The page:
Friday, 18 November 2016

New insight into fungal strategy for infecting plants

Researchers from UPM id reveal how mould from humidity caused by rotting fruits and vegetables unfolds a surprising strategy to infect plants.

A team of researchers from Centre for Plant Biotechnology and Genomics (CBGP, UPM-INIA), has published the results on "Alt a 1" in an article released in Scientific Reports from the Nature group. "Alt a 1" is a strongly allergenic protein found in certain endophytic fungi species that causes severe asthma.

This study provides better understanding of the role played by this protein in the pathogenicity of the fungus. Besides, the mechanism identified in plants can also provide information of clinical interest about respiratory diseases and allergies caused by these fungal.

Spores of certain Alternaria fungus that appear as mold in plants of most of our crops are present in the atmosphere throughout the year. Alt a 1 is a strongly allergenic protein present in the spores of Alternaria alternata before germination. "Alt a 1" is responsible for infections and common respiratory conditions and is also considered as the major allergen associated with chronic asthma.

The pathogenic action of this protein is linked to the production of certain toxic compounds and the increasing production of reactive oxygen species by plants which are toxic agents that cause the cell death. "Alt a 1" interacts with defense proteins that plants express when are attacked by inhibiting their activity. The Alternaria spores remain on the surface of the plant without inducing symptoms while waiting for the right moment to germinate. When this occurs, the spores provoke a cascade of processes.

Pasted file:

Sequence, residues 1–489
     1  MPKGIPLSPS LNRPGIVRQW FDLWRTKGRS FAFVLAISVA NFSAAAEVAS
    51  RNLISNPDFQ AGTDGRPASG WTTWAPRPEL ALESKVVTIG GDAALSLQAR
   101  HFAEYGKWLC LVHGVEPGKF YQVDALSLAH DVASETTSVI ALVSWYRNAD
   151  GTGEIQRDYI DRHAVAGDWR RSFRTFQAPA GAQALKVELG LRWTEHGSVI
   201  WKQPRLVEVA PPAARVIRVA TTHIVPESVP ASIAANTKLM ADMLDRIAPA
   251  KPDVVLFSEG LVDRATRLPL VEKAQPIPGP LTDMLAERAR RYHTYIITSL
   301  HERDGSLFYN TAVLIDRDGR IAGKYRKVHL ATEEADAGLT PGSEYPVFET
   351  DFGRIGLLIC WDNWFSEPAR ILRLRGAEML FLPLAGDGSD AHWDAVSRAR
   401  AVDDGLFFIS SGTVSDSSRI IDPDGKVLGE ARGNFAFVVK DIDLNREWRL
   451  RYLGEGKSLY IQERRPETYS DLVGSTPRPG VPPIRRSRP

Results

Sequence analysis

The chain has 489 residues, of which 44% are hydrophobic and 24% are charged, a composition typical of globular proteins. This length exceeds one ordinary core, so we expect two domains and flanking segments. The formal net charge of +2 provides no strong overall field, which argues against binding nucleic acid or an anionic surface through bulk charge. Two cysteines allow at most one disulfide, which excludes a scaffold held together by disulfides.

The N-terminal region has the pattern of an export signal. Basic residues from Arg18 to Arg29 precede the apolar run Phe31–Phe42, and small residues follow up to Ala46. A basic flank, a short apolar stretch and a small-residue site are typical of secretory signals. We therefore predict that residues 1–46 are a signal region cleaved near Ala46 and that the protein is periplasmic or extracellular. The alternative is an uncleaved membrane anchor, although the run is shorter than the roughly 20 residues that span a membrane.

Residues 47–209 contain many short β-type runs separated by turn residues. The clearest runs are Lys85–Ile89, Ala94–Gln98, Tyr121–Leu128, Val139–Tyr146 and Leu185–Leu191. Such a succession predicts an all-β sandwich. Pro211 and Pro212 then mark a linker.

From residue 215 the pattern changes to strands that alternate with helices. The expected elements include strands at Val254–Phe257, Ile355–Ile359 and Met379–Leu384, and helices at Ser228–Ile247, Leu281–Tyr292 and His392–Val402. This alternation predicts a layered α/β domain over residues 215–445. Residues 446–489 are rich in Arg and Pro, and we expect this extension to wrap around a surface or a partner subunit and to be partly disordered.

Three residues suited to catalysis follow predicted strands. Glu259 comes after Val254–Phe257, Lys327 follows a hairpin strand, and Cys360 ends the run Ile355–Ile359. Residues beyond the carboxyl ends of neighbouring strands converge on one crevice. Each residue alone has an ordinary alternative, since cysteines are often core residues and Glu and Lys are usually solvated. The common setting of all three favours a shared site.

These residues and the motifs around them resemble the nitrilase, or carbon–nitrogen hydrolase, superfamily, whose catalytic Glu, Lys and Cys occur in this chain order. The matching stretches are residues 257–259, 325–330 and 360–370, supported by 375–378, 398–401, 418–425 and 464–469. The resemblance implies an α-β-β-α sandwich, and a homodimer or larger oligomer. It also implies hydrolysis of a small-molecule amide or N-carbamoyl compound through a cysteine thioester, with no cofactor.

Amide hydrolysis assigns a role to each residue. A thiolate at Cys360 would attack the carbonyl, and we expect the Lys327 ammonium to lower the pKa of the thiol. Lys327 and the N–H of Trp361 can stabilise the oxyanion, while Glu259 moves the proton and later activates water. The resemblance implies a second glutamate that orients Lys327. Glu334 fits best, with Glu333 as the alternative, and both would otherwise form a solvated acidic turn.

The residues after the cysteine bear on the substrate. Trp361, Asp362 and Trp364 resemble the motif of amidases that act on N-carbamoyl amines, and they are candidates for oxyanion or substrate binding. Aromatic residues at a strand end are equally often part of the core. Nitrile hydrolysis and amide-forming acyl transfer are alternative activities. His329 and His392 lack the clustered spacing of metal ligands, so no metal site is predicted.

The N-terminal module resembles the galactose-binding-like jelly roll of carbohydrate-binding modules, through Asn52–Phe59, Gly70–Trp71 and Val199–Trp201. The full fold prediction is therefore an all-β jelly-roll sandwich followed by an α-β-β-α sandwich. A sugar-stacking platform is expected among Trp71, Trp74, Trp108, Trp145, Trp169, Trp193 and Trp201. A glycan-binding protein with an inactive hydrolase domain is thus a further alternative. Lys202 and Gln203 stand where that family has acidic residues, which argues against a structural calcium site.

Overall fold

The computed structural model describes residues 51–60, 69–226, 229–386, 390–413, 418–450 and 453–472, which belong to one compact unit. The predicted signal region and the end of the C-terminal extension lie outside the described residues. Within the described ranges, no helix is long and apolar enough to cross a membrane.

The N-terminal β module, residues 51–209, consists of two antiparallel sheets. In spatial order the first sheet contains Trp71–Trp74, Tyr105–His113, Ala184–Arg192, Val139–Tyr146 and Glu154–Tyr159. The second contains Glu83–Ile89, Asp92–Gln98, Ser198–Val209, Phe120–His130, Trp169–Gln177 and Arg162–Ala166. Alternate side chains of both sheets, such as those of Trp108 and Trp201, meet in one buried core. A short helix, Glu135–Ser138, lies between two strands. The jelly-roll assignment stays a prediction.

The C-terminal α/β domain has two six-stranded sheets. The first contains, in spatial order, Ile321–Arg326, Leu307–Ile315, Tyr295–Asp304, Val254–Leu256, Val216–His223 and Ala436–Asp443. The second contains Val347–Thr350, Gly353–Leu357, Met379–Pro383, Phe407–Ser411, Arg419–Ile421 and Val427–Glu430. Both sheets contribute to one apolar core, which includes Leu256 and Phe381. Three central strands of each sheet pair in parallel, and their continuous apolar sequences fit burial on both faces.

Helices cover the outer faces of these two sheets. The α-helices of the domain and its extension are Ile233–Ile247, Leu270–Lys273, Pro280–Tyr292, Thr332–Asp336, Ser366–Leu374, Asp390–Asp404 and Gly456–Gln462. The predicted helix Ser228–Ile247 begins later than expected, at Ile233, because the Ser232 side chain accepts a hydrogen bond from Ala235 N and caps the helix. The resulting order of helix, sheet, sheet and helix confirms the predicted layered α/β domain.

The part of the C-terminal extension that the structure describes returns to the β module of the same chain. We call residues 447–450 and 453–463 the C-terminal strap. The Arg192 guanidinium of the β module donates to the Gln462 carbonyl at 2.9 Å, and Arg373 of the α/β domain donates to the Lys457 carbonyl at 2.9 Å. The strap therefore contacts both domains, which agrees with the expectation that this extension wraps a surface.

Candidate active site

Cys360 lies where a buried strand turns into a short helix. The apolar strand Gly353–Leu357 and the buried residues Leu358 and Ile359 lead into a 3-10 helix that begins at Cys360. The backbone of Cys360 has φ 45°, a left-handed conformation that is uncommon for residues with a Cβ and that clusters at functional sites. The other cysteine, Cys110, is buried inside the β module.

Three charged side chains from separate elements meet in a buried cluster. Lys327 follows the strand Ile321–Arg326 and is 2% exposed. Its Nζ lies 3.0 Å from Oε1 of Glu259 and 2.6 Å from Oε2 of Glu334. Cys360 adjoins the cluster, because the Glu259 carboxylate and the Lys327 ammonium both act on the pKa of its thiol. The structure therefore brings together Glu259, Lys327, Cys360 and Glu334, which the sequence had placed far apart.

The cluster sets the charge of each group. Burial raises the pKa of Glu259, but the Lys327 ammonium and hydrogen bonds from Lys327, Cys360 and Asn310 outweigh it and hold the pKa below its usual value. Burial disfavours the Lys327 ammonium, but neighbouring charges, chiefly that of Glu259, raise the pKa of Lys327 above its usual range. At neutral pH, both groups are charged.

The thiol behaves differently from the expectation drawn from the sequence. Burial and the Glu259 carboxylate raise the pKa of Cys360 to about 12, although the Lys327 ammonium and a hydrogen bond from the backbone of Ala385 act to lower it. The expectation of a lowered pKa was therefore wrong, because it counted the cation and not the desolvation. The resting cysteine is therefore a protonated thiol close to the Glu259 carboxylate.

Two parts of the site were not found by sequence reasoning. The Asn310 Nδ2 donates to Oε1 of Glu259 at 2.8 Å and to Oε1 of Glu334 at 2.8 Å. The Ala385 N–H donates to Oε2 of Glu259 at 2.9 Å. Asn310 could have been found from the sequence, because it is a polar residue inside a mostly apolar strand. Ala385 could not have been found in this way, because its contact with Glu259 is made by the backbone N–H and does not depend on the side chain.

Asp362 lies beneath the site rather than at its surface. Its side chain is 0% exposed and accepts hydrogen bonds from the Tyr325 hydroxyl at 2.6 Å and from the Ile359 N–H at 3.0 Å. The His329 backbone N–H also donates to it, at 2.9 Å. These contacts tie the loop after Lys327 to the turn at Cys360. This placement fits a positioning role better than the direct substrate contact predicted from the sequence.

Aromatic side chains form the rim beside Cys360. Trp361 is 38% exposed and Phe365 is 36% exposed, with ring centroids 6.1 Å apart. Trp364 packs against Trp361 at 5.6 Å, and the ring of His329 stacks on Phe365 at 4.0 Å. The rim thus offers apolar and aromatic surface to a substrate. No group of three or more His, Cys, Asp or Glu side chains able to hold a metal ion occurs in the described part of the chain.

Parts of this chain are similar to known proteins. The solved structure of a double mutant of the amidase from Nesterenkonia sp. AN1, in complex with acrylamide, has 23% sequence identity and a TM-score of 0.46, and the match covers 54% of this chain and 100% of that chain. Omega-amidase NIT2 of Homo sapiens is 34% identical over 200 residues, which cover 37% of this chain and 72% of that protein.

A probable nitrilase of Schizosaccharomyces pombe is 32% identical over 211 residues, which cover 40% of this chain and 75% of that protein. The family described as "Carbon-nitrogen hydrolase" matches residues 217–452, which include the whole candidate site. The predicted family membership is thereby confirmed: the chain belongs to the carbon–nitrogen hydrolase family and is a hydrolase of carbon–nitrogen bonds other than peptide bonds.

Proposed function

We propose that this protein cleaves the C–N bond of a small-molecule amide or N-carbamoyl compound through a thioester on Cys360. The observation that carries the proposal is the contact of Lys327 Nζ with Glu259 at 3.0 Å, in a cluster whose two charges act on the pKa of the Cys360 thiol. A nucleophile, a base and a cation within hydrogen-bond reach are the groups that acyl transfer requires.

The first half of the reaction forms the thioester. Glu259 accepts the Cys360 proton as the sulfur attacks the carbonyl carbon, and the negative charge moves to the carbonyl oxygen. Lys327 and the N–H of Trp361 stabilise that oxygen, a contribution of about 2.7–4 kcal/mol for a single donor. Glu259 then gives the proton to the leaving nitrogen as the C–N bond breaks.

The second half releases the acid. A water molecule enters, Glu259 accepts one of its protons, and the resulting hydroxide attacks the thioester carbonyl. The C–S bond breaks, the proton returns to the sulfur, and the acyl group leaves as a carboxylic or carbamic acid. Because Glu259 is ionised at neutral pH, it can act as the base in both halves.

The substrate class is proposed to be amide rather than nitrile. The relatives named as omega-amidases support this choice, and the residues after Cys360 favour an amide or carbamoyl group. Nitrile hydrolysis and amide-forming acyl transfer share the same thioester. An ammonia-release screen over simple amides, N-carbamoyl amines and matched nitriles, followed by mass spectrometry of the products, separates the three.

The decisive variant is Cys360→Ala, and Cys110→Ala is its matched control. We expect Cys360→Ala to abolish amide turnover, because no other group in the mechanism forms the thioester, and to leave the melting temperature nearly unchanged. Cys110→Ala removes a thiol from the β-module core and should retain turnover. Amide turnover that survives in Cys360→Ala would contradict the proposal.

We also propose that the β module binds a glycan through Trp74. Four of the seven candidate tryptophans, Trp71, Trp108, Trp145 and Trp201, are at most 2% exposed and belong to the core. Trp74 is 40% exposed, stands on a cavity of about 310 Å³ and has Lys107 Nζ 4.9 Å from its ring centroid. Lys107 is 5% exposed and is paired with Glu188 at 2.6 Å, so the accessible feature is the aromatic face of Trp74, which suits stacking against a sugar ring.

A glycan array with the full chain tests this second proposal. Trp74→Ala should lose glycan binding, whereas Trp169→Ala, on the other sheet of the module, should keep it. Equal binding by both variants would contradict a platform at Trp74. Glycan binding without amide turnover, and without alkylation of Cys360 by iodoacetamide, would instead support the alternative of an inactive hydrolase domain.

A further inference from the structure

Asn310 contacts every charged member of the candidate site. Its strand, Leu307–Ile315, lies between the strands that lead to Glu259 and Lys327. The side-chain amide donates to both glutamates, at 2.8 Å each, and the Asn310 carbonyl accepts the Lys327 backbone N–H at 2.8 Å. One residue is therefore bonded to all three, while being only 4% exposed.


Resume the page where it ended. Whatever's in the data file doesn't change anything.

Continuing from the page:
For further details, see:

María Garrido-Arandia, Javier Silva-Navas, Carmen Ramírez-Castillejo, Nuria Cubells-Baeza, Cristina Gómez-Casado, Domingo Barber, Juan C. Pozo, Pablo G. Melendi, Luis F. Pacios, Araceli Díaz-Perales. Characterisation of a flavonoid ligand of the fungal protein Alt a 1. Scientific Reports, 2016; 6: 33468 DOI: 10.1038/srep33468

Posted by Dr. Tim Sandle